• Section 297B(e)(p. 431): Orders states and Tribes to develop procedures to address violations, including
corrective action in the case of negligence.
• Section 297B(e)(3)(B) (p. 432): Individuals who commit drug felonies cannot participate in state or Tribal
growth programs for 10 years following the date of their conviction. However, participants in the 2014 Farm
Bill pilot programs are grandfathered in to participate in permanent programs despite any prior felony
• Section 297C (p. 432): States and Tribes are required to maintain information on lands where hemp is grown
and testing, enforcement, inspection and disposal procedures. The USDA Secretary must collect such
information to be accessible in real time to local, state and federal law enforcement.
• Section 297D (p. 434): The USDA Secretary is required to promulgate guidelines and regulations and submit
an annual report to Congress on the program’s implementation.
• Section 297D(c)(p. 434): Nothing in the new law affects the FDA’s authority under the Food, Drug and
Cosmetic Act or the Public Health Service Act.
Section 10114 (p. 435): Nothing in the act prohibits the interstate commerce of hemp, nor can States or Tribes prohibit
the transportation of hemp or hemp products through their territory.
Title XI (p. 439): Hemp farmers are made eligible for crop insurance, and marketability requirements for the crop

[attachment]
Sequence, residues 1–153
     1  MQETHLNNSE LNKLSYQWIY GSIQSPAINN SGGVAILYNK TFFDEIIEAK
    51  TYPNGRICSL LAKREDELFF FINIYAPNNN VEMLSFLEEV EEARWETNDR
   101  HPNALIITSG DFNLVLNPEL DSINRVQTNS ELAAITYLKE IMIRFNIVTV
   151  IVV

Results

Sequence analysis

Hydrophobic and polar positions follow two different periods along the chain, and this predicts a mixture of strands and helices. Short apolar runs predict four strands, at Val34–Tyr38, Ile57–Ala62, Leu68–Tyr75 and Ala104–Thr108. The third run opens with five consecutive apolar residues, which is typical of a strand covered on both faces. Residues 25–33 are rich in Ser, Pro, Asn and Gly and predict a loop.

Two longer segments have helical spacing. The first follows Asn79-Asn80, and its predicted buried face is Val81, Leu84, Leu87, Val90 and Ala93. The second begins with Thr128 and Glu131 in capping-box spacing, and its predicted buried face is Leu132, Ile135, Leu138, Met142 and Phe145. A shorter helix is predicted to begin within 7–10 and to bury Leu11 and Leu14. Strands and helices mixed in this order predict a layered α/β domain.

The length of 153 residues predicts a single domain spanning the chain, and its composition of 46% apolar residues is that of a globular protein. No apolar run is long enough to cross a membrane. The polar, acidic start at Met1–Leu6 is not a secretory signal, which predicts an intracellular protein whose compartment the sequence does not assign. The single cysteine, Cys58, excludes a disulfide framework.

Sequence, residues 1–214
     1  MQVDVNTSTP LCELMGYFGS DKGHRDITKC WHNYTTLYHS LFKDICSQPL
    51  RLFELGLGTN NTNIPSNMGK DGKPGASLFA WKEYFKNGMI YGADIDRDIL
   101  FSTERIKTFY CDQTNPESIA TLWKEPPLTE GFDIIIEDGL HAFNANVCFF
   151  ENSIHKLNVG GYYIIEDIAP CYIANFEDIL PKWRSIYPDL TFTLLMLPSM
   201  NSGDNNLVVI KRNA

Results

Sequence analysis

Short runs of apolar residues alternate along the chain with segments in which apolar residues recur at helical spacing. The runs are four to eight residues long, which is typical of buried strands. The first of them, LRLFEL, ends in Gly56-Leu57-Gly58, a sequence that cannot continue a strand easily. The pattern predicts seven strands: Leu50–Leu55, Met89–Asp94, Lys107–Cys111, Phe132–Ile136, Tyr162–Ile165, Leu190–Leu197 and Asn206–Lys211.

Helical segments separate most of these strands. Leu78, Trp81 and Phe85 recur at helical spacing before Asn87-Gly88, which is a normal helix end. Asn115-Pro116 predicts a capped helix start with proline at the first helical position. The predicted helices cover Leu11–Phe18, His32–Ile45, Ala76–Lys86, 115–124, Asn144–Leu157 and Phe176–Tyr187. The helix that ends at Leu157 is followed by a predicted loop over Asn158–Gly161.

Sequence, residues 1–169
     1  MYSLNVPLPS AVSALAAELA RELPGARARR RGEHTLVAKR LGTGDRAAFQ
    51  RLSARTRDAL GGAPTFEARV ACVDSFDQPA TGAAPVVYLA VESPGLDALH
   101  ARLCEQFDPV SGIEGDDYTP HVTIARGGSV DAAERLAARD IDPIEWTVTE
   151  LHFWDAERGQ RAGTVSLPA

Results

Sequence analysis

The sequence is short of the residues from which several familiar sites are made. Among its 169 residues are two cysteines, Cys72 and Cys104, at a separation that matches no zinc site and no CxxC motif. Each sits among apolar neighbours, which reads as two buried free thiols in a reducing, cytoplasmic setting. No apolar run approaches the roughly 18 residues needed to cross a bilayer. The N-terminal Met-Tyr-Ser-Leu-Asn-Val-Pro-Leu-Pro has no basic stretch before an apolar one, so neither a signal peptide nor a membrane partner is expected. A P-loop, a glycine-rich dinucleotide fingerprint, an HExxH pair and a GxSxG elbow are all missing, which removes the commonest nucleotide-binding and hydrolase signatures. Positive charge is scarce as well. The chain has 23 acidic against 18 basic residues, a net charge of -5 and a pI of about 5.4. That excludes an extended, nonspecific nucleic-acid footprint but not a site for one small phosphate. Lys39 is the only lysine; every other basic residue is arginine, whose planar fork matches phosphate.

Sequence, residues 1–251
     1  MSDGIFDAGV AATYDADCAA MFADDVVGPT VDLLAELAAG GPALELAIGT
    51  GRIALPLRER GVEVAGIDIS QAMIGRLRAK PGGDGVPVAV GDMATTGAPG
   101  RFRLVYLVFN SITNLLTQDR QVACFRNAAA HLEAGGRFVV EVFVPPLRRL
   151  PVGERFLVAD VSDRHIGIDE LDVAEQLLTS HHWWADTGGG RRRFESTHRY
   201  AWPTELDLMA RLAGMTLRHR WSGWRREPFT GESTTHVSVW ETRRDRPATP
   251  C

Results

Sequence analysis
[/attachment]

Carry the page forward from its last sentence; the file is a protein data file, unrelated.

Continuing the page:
insurance program can be waived.
Section 12619 (p. 540): Hemp is removed from the definition of “marihuana,” and THC found in hemp is excluded from
the definition of a controlled substance.
Key notes from the Conference Report Managers’ Summary:
p. 738: The Managers note that “state and Tribal governments are authorized to put more restrictive parameters on the
production of hemp, but are not authorized to alter the definition of hemp or put in place policies that are less
p. 738: The Managers note that the USDA Secretary must consult with the Attorney General regarding approval of state
or Tribal plans, but “the Managers intend that the final decision to be made by the Secretary.” States or Tribes can
appeal or resubmit plans that are rejected or revoked.
p. 739: Any drug felonies committed after the permanent program begins will ban participants from participating,
regardless of whether they participated in the 2014 Farm Bill pilot program.
p. 739: The USDA Secretary must make program information accessible in real time to law enforcement, and is
encouraged to develop a memorandum of understanding to define the parameters of this information sharing.

p. 739: “While states and Indian tribes may limit the production and sale of hemp and hemp products within their
borders, the Managers, in Section 10122, agreed to not allow such states and Indian tribes to limit the transportation or
shipment of hemp or hemp products through the state or Indian territory.”

What is CBd Oil?

CBD oil is a natural health supplement. It comes from the cannabis plant aka hemp. Its has been a staple in the human diet for nearly dating back 20,000 years or more. Not much is known on exactly how far back man has known of its existence. Up until the 1930’s and prohibition, it was used for everything.

Hemp Seed No Bake Brownie Recipe

Hemp seed brownies. You can add cbd to this but you really dont need to. You will be getting a low dose of CBD with the hemp seeds in the brownie recipe. There is less CBD in the seeds, but it will help keep you healthy and give you a good treat.

  • 2 1/2 cups dates pitted
  • 1/2 cup hulled hemp seeds
  • 1 cup raw walnuts
  • 1/2 cup unsweetened cocoa powder
  • 1/4 teaspoon salt